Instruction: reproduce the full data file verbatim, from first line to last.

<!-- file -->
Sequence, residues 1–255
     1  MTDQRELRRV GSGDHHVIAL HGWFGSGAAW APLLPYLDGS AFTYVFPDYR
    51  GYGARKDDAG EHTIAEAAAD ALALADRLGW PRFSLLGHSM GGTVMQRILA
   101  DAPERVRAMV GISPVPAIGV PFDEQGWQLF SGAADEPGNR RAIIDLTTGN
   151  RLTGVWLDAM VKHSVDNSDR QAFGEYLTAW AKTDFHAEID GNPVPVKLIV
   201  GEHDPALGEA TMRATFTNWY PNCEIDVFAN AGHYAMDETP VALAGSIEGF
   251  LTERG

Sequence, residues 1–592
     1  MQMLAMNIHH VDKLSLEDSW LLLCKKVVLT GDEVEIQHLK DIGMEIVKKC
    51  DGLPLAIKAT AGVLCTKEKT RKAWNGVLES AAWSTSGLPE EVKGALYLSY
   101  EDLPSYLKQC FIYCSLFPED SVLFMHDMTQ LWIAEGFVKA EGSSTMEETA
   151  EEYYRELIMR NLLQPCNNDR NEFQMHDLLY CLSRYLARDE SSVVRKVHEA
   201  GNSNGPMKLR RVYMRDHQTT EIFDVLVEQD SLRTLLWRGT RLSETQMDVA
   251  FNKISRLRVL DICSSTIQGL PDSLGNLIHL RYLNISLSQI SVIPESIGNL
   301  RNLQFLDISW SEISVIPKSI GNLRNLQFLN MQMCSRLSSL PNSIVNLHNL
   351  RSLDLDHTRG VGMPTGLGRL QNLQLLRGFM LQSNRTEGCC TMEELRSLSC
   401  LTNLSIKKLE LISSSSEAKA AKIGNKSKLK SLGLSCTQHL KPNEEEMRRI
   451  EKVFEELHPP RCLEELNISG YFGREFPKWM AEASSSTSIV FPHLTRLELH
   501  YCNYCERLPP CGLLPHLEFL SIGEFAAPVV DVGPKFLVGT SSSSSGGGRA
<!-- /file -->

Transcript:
Sequence, residues 1–255
     1  MTDQRELRRV GSGDHHVIAL HGWFGSGAAW APLLPYLDGS AFTYVFPDYR
    51  GYGARKDDAG EHTIAEAAAD ALALADRLGW PRFSLLGHSM GGTVMQRILA
   101  DAPERVRAMV GISPVPAIGV PFDEQGWQLF SGAADEPGNR RAIIDLTTGN
   151  RLTGVWLDAM VKHSVDNSDR QAFGEYLTAW AKTDFHAEID GNPVPVKLIV
   201  GEHDPALGEA TMRATFTNWY PNCEIDVFAN AGHYAMDETP VALAGSIEGF
   251  LTERG

Sequence, residues 1–592
     1  MQMLAMNIHH VDKLSLEDSW LLLCKKVVLT GDEVEIQHLK DIGMEIVKKC
    51  DGLPLAIKAT AGVLCTKEKT RKAWNGVLES AAWSTSGLPE EVKGALYLSY
   101  EDLPSYLKQC FIYCSLFPED SVLFMHDMTQ LWIAEGFVKA EGSSTMEETA
   151  EEYYRELIMR NLLQPCNNDR NEFQMHDLLY CLSRYLARDE SSVVRKVHEA
   201  GNSNGPMKLR RVYMRDHQTT EIFDVLVEQD SLRTLLWRGT RLSETQMDVA
   251  FNKISRLRVL DICSSTIQGL PDSLGNLIHL RYLNISLSQI SVIPESIGNL
   301  RNLQFLDISW SEISVIPKSI GNLRNLQFLN MQMCSRLSSL PNSIVNLHNL
   351  RSLDLDHTRG VGMPTGLGRL QNLQLLRGFM LQSNRTEGCC TMEELRSLSC
   401  LTNLSIKKLE LISSSSEAKA AKIGNKSKLK SLGLSCTQHL KPNEEEMRRI
   451  EKVFEELHPP RCLEELNISG YFGREFPKWM AEASSSTSIV FPHLTRLELH
   501  YCNYCERLPP CGLLPHLEFL SIGEFAAPVV DVGPKFLVGT SSSSSGGGRA